I was first exposed to Andy Grove in 1985 at PC Week when Intel was riding high after its 8086/8088 microprocessor was ensconced by IBM as the standard in its first PC — giving rise to the so called Wintel oligopoly that kicked off the PC Revolution that followed.
Grove had an amazing life story — surviving World War II, the Soviet occupation of his native Hungary, emigrating to New York City in the late 50s and heading straight to City College for a free education that he turned into one of the most illustrious careers in the entire PC industry.
Walter Issacson, in his book “The Innovators: How a Group of Hackers, Geniuses, and Geeks Created the Digital Revolution” details the vital role played in the Intel “Holy Trinity” of Gordon Moore (he of Moore’s Law) and Bob Noyce. It was Grove who pushed Intel out of memory and into microprocessors, transforming the chip maker into one of the biggest forces in tech.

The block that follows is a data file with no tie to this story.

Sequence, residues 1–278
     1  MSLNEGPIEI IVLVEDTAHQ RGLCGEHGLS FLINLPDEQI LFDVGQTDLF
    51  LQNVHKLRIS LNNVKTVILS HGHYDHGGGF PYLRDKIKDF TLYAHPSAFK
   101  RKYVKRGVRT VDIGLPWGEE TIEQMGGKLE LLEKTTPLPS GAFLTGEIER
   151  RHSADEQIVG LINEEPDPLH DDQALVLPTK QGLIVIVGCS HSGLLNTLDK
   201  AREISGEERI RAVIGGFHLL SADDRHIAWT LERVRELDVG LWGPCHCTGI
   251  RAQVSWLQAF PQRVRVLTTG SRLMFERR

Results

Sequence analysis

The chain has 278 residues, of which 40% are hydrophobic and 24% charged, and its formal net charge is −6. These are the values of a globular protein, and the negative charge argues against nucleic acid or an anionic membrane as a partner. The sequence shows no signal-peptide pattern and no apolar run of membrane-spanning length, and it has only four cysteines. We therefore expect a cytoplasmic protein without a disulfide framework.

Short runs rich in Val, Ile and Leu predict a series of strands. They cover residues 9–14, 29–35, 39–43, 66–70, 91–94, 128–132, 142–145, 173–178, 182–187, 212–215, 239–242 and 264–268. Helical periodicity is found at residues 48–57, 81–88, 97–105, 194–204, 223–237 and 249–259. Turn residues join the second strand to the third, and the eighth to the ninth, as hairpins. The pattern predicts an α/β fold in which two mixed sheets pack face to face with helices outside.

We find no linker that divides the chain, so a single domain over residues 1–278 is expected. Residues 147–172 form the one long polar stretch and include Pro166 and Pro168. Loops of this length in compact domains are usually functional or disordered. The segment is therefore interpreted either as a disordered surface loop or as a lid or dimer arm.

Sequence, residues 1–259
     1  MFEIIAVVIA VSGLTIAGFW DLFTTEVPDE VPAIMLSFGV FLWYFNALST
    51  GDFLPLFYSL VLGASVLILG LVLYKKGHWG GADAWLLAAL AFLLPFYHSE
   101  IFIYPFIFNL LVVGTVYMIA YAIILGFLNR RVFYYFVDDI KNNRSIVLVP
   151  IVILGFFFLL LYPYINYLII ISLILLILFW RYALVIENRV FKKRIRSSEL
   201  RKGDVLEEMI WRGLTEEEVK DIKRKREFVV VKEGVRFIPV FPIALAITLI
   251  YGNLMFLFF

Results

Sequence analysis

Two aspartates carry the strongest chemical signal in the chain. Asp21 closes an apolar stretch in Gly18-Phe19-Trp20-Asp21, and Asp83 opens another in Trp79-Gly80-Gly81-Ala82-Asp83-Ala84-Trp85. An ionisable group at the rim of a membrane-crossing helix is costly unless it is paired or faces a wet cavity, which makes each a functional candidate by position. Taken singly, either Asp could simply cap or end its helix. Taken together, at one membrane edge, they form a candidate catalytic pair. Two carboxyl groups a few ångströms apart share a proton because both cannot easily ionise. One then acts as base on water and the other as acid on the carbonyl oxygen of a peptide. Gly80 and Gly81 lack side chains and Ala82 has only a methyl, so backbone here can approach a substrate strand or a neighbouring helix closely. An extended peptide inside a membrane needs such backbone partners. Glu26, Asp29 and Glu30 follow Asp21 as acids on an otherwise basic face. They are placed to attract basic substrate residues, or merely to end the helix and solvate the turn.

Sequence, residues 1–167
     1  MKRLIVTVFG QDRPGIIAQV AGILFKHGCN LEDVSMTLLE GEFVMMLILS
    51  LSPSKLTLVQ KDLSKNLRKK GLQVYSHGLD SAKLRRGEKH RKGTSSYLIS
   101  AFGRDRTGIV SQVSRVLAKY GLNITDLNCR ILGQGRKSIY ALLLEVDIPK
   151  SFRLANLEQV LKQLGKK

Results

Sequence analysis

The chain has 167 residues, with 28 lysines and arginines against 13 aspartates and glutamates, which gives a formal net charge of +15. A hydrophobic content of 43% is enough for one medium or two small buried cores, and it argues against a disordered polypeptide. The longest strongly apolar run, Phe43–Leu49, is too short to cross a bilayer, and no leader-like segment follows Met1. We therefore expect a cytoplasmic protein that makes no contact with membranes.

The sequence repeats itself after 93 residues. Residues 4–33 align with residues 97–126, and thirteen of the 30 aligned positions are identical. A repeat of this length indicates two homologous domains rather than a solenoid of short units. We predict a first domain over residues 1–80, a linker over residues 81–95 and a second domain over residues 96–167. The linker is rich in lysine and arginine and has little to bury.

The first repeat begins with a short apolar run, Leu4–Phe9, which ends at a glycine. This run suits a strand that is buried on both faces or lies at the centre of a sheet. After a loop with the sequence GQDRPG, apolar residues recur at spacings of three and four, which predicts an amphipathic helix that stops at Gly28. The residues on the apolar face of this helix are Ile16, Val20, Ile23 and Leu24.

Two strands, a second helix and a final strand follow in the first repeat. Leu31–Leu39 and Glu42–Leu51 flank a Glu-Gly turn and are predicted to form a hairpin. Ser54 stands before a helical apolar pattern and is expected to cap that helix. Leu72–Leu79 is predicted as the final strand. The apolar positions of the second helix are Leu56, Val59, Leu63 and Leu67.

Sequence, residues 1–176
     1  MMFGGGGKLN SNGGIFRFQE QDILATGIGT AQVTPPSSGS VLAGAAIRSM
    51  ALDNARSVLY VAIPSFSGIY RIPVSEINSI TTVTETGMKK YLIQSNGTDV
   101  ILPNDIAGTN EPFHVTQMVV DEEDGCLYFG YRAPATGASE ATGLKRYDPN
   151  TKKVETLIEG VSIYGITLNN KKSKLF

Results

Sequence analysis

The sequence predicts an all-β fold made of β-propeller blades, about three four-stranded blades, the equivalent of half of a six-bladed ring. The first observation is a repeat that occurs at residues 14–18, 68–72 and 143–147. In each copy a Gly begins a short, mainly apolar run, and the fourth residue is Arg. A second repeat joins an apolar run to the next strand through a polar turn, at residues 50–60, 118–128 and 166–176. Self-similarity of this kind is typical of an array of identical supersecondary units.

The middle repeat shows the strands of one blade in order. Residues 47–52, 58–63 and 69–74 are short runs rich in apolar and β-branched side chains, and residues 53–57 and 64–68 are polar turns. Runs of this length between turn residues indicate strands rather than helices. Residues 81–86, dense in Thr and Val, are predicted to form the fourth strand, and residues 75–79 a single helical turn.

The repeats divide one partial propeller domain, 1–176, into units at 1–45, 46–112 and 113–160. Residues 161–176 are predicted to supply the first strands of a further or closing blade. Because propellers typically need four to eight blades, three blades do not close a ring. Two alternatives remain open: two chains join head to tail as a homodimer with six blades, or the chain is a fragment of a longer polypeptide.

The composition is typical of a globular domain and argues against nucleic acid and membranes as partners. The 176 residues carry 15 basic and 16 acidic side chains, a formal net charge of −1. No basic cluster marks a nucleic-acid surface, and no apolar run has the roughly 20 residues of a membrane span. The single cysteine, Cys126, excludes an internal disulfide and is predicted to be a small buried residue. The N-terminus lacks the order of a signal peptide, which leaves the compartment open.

“Grove nurtured Noyce’s egalitarian approach – he worked in an exposed cubicle his entire career, and loved it – but he added an overlay of what he called ‘constructive confrontation.’ He never put on airs, but he never let down his guard. In contrast to Noyce’s sweet gentility, Grove had a blunt, no-bullshit style. It was the same approach Steve Jobs would later use: brutal honesty, clear focus, and a demanding drive for excellence. ‘Andy was the guy who made sure the trains all ran on time,’ recalled Ann Bowers. ‘He was a taskmaster. He had very strong views about what you should do and what you shouldn’t do and he was very direct about that.'”